Eight years ago, I pressed a button that unleashed an ire that I honestly was not expecting.

Maybe I was naive to think that this community was ready to remove its Confederate statue from the Daviess County Courthouse lawn.

After all, we had a Black president in office and it had been 48 years since President Lyndon Johnson signed the Civil Rights Act of 1964, which outlawed discrimination based on race, color, religion, sex or national origin.

Surely we were over our racial biases and prejudices.

Boy was I wrong. I was called everything from a left-wing agitator to a communist. (And all that time I thought only people who didn’t like bacon were communists.)

I received hateful voicemails — one ominous-sounding person even telling me to leave town.

And the letters to the editor poured in. “Find something important to write about,” “Let sleeping dogs lie,” and “Why is he promoting division?” were among the letter writers’ views about my column.

But the main argument was that the Confederate statue was “just history.”

I guess that depends on perspective.

I doubt many Black Americans would agree with such dismissive reasoning when it was their ancestors who were raped, murdered, tortured and treated less than animals.

But in hindsight, I should’ve started my 2012 column with why I’m sensitive when it comes to race relations and the plight of Black Americans in this county, state and nation.

You see, I grew up on McFarland Avenue, a neighborhood mixed with whites and Blacks. Many of my friends were Black — only they weren’t my “Black” friends and I wasn’t their “white” friend. We were just friends.

And while hanging out, I witnessed both subtle and overt racism toward my friends.

I could give multiple examples but I will share the one that changed my life.

There was a biracial girl who rode my school bus in middle school. And just about every day one particular white boy would bully her and call her “zebra.” Other kids would join in the name calling.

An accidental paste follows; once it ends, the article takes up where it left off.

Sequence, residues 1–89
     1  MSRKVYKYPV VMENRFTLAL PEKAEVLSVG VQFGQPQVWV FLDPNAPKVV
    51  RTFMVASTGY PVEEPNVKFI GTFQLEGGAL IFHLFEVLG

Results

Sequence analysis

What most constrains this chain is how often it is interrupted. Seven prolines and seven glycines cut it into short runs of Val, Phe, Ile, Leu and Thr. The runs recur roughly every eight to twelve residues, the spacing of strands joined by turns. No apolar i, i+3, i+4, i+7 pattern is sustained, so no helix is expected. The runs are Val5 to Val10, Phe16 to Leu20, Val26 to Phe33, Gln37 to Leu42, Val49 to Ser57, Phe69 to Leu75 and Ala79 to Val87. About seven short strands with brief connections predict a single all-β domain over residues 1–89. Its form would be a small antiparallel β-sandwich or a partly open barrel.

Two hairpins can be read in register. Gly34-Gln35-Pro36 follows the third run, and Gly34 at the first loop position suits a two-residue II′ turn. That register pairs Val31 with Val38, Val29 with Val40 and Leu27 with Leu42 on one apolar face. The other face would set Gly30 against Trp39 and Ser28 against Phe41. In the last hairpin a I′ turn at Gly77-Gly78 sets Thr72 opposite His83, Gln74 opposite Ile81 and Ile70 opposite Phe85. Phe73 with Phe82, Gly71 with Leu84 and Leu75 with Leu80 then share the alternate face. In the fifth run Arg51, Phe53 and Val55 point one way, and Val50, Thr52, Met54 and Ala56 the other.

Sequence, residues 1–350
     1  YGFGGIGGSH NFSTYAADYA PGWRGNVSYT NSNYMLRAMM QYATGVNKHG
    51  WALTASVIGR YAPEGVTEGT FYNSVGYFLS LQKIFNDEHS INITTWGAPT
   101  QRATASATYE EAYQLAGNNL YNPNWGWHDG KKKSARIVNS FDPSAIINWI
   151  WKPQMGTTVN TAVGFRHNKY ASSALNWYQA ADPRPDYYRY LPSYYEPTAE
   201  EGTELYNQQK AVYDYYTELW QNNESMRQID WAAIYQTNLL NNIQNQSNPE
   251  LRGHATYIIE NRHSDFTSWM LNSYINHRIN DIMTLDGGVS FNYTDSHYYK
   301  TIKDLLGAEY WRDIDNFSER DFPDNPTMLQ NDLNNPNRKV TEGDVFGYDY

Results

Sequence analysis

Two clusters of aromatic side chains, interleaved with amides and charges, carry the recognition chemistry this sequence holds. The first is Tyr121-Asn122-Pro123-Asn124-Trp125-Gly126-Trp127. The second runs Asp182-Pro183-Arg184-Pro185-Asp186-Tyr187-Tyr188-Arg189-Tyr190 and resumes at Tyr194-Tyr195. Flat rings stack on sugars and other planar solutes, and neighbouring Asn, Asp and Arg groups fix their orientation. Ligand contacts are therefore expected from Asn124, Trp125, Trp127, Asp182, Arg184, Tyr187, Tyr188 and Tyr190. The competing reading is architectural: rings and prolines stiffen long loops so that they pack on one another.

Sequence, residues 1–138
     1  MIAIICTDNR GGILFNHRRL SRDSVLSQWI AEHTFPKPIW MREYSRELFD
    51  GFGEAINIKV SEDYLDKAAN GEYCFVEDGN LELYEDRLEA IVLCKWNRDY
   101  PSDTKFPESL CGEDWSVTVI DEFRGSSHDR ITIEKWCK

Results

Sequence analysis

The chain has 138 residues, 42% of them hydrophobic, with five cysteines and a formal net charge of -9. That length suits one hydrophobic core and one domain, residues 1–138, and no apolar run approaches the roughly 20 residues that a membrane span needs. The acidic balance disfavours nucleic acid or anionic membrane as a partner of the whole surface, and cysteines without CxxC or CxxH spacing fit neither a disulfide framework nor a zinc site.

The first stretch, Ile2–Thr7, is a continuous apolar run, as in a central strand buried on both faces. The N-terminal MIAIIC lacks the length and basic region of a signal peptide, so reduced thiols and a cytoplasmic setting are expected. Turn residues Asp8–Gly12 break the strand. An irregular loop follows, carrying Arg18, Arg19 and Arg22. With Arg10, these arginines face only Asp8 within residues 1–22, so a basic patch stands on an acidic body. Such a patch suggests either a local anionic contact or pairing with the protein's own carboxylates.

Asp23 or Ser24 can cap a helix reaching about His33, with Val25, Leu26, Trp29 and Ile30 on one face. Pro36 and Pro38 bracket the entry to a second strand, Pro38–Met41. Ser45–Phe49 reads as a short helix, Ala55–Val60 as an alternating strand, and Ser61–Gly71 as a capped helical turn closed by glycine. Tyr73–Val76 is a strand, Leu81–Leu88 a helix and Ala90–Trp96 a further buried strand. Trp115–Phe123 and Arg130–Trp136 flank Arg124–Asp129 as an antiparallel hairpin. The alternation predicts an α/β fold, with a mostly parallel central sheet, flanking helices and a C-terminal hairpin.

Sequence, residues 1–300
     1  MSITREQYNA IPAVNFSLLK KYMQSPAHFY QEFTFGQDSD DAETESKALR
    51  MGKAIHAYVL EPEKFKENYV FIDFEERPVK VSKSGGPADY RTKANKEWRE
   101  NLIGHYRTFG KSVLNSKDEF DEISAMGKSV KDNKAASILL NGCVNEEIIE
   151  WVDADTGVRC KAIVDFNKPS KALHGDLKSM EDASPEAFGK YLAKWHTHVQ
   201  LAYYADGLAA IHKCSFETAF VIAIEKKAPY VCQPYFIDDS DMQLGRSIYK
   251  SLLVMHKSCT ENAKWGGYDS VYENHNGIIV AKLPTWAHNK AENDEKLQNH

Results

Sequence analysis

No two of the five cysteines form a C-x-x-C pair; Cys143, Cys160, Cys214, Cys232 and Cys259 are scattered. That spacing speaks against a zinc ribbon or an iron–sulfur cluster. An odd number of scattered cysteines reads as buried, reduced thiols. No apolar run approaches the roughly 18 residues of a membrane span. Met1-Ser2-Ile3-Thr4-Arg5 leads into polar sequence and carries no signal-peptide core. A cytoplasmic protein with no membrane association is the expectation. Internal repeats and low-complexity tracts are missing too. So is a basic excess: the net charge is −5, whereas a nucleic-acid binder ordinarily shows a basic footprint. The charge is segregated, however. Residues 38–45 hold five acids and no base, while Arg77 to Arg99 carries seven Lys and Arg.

Over the past weeks, I’ve engaged in debates on social media about this very topic of systemic racism that has plagued this nation from its start and continues today.

I have thick skin, but the one comment that got to me was from a woman who accused me of having “white guilt.”

At first, I took umbrage.

But the more I thought about it, the woman was right.

Call it guilt or regret, but I have it.

Although I didn’t join those kids as they hurled the racial “zebra” slur, I regret that I never stood up for her or said or did anything to stop them. It was because I was afraid those kids would turn on me next.

I can only imagine the mental torment that little girl went through before and after stepping off that school bus.

But no longer am I afraid and no longer will I be silent about the racism that contaminates the melting pot of this nation.

And the Confederate statues that still stain its landscape are part of the greater problem of racism that we’ve all by now witnessed in its full tragedy and heartless, evil nature.

So to call them “just history” is being blind to the fact that Confederate statues honor an immoral cause that inflicted suffering on a race of people for financial gain.

It’s true that removing these Confederate statues won’t change people’s hearts, as I’ve also heard argued.

But it is part of the heart-changing process.

Just because anyone agrees with the removal of Confederate statues doesn’t make one a left-wing agitator or a communist for that matter. It makes them a human being.

So maybe, just maybe in 2020 this community is ready to remove that Confederate statue from the courthouse lawn.

For that little girl on my school bus and all those who have been hurt, scarred or killed because of racism, I sincerely hope so.

Don Wilkins is features editor at the Messenger-Inquirer.

Don Wilkins, dwilkins@messenger-inquirer.com, 270-691-7299

(1) comment

Gary Adams

Thank you, Don Wilkins, for telling your cogent story. May this time be THE time.

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